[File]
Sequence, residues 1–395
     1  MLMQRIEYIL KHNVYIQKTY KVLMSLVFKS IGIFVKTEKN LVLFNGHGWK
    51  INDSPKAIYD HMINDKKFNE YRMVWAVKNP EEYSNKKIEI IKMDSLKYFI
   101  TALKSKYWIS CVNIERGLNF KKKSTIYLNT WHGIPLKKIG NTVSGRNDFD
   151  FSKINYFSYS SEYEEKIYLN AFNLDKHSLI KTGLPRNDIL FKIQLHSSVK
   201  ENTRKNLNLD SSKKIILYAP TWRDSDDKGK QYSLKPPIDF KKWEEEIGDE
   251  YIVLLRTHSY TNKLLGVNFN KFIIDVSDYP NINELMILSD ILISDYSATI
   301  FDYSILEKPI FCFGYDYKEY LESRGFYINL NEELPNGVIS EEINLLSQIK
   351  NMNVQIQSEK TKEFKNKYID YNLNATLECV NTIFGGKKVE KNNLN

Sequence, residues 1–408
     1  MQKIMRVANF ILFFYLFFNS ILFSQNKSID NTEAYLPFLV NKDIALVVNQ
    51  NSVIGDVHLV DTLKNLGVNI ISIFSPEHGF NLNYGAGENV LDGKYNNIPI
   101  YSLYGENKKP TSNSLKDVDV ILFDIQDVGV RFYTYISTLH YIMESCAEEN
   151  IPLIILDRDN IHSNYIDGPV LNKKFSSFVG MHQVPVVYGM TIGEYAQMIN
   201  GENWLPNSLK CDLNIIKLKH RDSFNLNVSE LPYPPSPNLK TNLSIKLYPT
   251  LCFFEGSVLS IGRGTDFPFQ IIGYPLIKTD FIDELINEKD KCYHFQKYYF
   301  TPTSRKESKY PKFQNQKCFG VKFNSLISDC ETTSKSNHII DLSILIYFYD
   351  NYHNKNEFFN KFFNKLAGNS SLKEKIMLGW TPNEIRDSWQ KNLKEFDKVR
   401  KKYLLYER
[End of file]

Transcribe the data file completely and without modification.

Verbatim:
Sequence, residues 1–395
     1  MLMQRIEYIL KHNVYIQKTY KVLMSLVFKS IGIFVKTEKN LVLFNGHGWK
    51  INDSPKAIYD HMINDKKFNE YRMVWAVKNP EEYSNKKIEI IKMDSLKYFI
   101  TALKSKYWIS CVNIERGLNF KKKSTIYLNT WHGIPLKKIG NTVSGRNDFD
   151  FSKINYFSYS SEYEEKIYLN AFNLDKHSLI KTGLPRNDIL FKIQLHSSVK
   201  ENTRKNLNLD SSKKIILYAP TWRDSDDKGK QYSLKPPIDF KKWEEEIGDE
   251  YIVLLRTHSY TNKLLGVNFN KFIIDVSDYP NINELMILSD ILISDYSATI
   301  FDYSILEKPI FCFGYDYKEY LESRGFYINL NEELPNGVIS EEINLLSQIK
   351  NMNVQIQSEK TKEFKNKYID YNLNATLECV NTIFGGKKVE KNNLN

Sequence, residues 1–408
     1  MQKIMRVANF ILFFYLFFNS ILFSQNKSID NTEAYLPFLV NKDIALVVNQ
    51  NSVIGDVHLV DTLKNLGVNI ISIFSPEHGF NLNYGAGENV LDGKYNNIPI
   101  YSLYGENKKP TSNSLKDVDV ILFDIQDVGV RFYTYISTLH YIMESCAEEN
   151  IPLIILDRDN IHSNYIDGPV LNKKFSSFVG MHQVPVVYGM TIGEYAQMIN
   201  GENWLPNSLK CDLNIIKLKH RDSFNLNVSE LPYPPSPNLK TNLSIKLYPT
   251  LCFFEGSVLS IGRGTDFPFQ IIGYPLIKTD FIDELINEKD KCYHFQKYYF
   301  TPTSRKESKY PKFQNQKCFG VKFNSLISDC ETTSKSNHII DLSILIYFYD
   351  NYHNKNEFFN KFFNKLAGNS SLKEKIMLGW TPNEIRDSWQ KNLKEFDKVR
   401  KKYLLYER